The Therapist’s New Clothes is now available!
It’s real. I’m speechless.
How convenient, then, that I happened to have talked to John Oakes, who, together with fellow publishing veteran Colin Robinson, has just launched OR Books—which seeks to combine the editorial professionalism of traditional publishing with a model that draws on new technologies for production, marketing, and delivery.John Oakes (in shades) with Colin Robinson (with the bullhorn) at the OR Books "launch party" during BEA. Photo by Miriam Berkley.
JDS: I’ve been reading about OR Books and admire your willingness to try something new. What keeps you in publishing at a time like this?
JO: What draws people to the book business is a sense of fun and wide-ranging interests. I have a restless mind—an English major also fascinated by science. The appeal of books remains. The world is too fascinating a place to be tied down to one thing.
JDS: Is there still fun to be had?
JO: The system of traditional publishing has gotten less fun over the last several decades. The decline in book-reading predates the Internet. Not reading per se but book reading. But now there’s electronic reading: still less than 1% of the reading public, but skyrocketing as people read on computers more and more. Print on Demand is part of an answer. There’s no upfront cash, production quality is now first rate, and the delivery system more streamlined.
JDS: One thing that interests me about POD-- haven’t explored electronic publishing—is the waste it cuts out.
JO: The traditional book system is hell on the environment. One little book is printed at the printer. Then shipped to the publisher’s warehouse. Then to the wholesaler or a major retail client. Then from wholesaler to the bookstore. If the book is among the 50% that are not sold, it goes back to the warehouse of the wholesaler then the warehouse of the publisher. Most likely, unless it’s made of Teflon, the book will be damaged and can’t be sold. This is bad for the publisher, the author, the bookstore—as the book had taken up shelf space—and bad for the planet. For that you’ve cut down a tree.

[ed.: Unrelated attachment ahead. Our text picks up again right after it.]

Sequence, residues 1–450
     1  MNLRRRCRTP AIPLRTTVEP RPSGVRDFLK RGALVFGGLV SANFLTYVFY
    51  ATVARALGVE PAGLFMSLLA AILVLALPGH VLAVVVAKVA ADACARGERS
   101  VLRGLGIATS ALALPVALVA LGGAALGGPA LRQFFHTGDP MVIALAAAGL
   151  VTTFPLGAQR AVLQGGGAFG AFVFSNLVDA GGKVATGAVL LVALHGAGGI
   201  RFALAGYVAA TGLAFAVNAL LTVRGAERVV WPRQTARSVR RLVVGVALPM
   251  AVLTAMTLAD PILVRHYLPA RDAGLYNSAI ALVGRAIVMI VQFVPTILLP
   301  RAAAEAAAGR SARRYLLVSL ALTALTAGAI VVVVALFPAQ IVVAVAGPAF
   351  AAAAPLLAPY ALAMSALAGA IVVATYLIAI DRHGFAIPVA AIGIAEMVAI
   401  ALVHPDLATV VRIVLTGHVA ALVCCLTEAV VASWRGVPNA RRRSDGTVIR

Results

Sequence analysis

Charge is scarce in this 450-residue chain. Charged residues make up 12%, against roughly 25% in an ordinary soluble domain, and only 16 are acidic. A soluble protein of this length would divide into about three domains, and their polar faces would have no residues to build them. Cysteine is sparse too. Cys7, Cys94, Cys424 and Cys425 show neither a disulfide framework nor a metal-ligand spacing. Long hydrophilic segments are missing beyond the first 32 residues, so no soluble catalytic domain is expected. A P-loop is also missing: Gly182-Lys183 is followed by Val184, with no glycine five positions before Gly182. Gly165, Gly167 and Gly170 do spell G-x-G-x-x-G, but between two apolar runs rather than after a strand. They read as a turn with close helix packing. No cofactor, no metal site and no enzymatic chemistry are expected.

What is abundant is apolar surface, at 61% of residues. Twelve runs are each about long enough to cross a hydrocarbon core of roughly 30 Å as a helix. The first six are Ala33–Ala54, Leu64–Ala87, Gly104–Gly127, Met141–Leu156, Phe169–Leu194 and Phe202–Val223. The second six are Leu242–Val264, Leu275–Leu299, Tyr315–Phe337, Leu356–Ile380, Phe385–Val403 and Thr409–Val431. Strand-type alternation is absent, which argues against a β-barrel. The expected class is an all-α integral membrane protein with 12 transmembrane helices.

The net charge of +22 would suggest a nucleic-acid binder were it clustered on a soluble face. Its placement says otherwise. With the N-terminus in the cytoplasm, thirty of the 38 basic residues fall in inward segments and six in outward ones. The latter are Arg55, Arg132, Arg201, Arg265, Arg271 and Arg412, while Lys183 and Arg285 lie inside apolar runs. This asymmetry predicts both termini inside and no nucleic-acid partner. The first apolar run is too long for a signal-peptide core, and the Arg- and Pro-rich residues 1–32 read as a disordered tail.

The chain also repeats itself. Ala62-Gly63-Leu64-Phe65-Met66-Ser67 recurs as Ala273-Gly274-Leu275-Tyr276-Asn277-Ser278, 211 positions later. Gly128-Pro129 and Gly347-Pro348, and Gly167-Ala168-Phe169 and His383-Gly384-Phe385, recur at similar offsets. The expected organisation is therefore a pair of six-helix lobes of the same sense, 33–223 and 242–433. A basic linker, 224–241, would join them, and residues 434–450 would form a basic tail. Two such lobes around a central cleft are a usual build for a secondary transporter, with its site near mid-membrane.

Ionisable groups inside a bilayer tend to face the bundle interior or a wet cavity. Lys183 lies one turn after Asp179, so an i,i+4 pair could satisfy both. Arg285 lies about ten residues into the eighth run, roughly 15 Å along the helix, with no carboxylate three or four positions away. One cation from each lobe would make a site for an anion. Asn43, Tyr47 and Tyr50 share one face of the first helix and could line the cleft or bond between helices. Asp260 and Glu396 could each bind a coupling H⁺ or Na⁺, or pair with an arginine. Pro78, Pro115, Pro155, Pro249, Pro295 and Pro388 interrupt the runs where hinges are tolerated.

JDS: Yet most companies haven’t taken this to heart.
JO: The big guys are so entangled in the system it’s hard for them to extricate themselves. You’ve still got those high advances, publishers plunking down $1 million bucks for a first novel. It may be a good first novel, but they do that because they panic—they’re desperate for a hit and think this is the way to get it.
JDS: Where does OR Books fit in?
JO: Colin and I had been talking for a long time before we both, so to speak, found ourselves out on the street. We believe this shift is going to happen, that this is how publishing will look in the future. There’s still a need for professional editors and publishers to work with authors to shape a book and to market it. Some of the technicalities will change but the roles are the same. I don’t know that we will be, say, the Simon & Schuster of the 21st century, but someone will be.
JDS: Will authors balk if you’re not offering those mega-advances?
JO: I don’t think authors will be a problem. We’ve got books in the pipeline and are another round of drinks away from author deals with Dale Peck and a bunch of other name-brand authors tired of their experience with the traditional publishing system. We’re interested in progressive ideas but we look at that broadly. We will do contemporary fiction, edgy popular science, politics and memoir. It will be the independent publishing ideal of publishing what we love.
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